The bill would require anyone trying to obtain a weapon to pass the National Instant Criminal Background Check System (NICS). If the individual matches any of the prohibitive criteria, they may be denied from purchasing a firearm.
"We don't want to rob people of their constitutional right," Lautenberg told senators, "But to err on the side of protection is a chance we sometimes have to take."
Rep. Peter King, R-N.Y., who sponsored similar legislation in the House, urged senators to support the bipartisan bill.
"We cannot allow any more acts of violence on account of weapons legally falling into the hands of those who wish to commit acts of terror," King said. "We must do all that is possible to put tighter rules in place to assist law enforcement in their brave efforts to keep our cities and neighborhoods safe and secure. The war on terror must be fought from all directions if we're going to stay a step ahead of our enemies."
There is currently no law that prevents such people from obtaining a weapon. They can only be denied if they have a felony conviction or are illegal immigrants.
Terrorists could cause significant casualties if they successfully detonated explosives in the United States. But the alleged Times Square bomber, the alleged Christmas Day bomber and the men who plotted to release cyanide in the New York City subway could have something in common: failure.
Indeed, the only successful terror attacks perpetrated within the United States since 9/11 were with guns, a point Lieberman made in pushing for the legislation.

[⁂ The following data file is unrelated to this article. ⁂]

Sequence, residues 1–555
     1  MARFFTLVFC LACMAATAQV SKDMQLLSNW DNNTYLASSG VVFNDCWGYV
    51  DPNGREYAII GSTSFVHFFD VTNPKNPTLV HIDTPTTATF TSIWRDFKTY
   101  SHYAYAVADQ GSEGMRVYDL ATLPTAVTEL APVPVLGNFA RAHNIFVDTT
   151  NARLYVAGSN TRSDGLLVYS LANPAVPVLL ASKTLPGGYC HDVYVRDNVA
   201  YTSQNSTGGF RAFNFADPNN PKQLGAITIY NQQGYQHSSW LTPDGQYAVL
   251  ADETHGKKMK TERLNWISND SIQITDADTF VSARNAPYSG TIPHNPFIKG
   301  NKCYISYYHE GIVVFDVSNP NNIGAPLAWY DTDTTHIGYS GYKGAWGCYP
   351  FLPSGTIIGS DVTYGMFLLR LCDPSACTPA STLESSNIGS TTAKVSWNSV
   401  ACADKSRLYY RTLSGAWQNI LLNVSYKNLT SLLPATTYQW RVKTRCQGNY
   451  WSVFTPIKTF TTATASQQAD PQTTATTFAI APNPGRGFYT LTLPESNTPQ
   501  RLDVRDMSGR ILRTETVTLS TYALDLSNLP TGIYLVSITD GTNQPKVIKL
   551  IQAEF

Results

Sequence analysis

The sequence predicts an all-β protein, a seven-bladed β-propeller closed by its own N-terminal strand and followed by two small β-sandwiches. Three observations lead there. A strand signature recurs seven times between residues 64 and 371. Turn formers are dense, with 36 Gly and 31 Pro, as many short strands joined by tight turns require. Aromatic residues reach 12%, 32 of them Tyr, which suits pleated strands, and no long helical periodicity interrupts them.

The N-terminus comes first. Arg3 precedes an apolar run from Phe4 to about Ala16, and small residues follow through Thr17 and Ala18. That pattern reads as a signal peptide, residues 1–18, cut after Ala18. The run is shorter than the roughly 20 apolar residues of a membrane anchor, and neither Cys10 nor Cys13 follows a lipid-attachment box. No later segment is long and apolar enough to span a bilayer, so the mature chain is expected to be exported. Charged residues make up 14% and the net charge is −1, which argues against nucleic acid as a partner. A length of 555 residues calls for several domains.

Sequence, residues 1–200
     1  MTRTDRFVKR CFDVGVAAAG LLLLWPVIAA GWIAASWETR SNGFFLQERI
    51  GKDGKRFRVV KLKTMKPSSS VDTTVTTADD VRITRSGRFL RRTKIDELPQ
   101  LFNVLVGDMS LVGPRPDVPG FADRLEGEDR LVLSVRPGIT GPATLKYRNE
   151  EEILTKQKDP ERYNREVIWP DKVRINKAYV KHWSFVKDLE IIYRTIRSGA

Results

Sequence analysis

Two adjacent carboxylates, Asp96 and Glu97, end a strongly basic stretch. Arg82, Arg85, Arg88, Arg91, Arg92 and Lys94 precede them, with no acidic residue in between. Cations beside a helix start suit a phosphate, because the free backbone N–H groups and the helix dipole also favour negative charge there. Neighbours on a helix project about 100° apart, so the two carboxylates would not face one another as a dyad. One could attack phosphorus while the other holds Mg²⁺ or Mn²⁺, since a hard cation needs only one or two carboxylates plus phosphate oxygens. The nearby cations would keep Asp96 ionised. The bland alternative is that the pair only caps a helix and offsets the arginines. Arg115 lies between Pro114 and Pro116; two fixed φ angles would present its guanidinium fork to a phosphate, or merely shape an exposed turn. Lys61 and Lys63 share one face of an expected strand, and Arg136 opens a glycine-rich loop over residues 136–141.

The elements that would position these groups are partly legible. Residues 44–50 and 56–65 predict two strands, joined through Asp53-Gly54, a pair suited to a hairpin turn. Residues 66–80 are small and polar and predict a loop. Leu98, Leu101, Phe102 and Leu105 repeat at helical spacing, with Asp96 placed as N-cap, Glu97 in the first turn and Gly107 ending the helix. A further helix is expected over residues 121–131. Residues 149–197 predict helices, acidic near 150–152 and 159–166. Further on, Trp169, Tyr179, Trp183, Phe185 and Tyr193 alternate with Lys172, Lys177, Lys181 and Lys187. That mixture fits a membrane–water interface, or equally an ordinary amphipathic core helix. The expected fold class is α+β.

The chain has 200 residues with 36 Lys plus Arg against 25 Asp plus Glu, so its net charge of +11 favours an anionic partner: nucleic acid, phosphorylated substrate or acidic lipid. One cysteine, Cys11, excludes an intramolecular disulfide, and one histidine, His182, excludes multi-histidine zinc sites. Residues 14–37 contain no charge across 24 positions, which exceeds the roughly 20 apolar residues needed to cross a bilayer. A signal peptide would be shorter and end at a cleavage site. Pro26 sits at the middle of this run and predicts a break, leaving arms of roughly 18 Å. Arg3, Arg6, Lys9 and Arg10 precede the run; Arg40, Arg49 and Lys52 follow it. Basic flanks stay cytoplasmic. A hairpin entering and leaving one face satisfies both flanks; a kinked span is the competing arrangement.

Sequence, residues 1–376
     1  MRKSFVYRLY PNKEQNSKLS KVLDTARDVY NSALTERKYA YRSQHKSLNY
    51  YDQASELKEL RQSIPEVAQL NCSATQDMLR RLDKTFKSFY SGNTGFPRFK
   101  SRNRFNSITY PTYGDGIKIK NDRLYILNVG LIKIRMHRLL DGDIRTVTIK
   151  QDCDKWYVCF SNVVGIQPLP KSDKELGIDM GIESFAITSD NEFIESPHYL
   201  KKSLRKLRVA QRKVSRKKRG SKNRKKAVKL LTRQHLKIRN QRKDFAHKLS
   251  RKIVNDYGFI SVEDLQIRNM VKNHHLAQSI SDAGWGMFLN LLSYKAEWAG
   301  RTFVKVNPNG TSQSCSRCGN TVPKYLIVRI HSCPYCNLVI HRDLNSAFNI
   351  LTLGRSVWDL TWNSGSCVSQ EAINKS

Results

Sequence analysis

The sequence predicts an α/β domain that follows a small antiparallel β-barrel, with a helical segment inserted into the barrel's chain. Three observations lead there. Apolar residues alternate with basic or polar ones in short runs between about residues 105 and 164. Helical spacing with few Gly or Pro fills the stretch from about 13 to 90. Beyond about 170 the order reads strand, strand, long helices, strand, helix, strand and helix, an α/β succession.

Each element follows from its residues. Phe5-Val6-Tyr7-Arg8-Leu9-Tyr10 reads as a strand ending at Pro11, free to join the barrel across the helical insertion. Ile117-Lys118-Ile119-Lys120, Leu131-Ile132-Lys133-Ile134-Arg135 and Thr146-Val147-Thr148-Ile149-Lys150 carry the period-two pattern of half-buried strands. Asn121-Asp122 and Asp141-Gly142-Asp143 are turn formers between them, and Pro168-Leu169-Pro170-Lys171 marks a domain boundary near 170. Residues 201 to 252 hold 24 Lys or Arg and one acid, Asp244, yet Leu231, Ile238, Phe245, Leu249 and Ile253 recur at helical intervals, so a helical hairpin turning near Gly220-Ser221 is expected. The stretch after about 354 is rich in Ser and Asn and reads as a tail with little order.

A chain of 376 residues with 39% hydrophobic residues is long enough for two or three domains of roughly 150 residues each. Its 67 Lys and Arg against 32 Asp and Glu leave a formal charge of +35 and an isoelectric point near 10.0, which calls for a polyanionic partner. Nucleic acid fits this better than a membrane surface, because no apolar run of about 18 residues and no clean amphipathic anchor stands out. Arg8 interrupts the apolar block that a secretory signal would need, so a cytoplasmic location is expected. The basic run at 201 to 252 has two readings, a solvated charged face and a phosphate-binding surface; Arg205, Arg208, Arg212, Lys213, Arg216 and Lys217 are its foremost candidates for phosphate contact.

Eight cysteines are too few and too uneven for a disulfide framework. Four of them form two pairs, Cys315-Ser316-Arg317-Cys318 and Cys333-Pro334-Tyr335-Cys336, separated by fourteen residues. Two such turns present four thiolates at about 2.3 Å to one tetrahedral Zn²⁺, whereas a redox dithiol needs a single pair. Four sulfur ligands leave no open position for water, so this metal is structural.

"The threat is real," he said. "Terrorists with high-powered automatic weapons could inflict heavy casualties in seconds."
There was spirited debate between Lieberman and Graham, normally allies on national security issues. Lieberman said Second Amendment rights, just like the First Amendment right to free speech, cannot be unlimited.
Graham said a person's rights as a citizen should be abridged if they are suspected of being a terrorist. He said authorities should be able to consult a secret FISA judge to keep a suspected terrorist such as Faisal Shahzad out of the legal system and without his or her Miranda rights.
"I don't think it's smart for us to say the homeland is not part of the battlefield," Graham said.
Bloomberg and New York Police Commissioner Raymond Kelly told senators that although the Times Square bombing attempt failed, terrorists are already plotting their next move,. The two lobbied Congress to ban people listed on the terror watch list from buying guns, and called it the "terror loophole."
"It is time to close the 'terror gap' in our gun laws," Bloomberg said. "At a time when the threat of terrorism is still very real, as we in New York City know all too well, it is imperative that Congress close this terror gap in our gun laws -- and close it quickly."
"This is not about the Second Amendment," he said.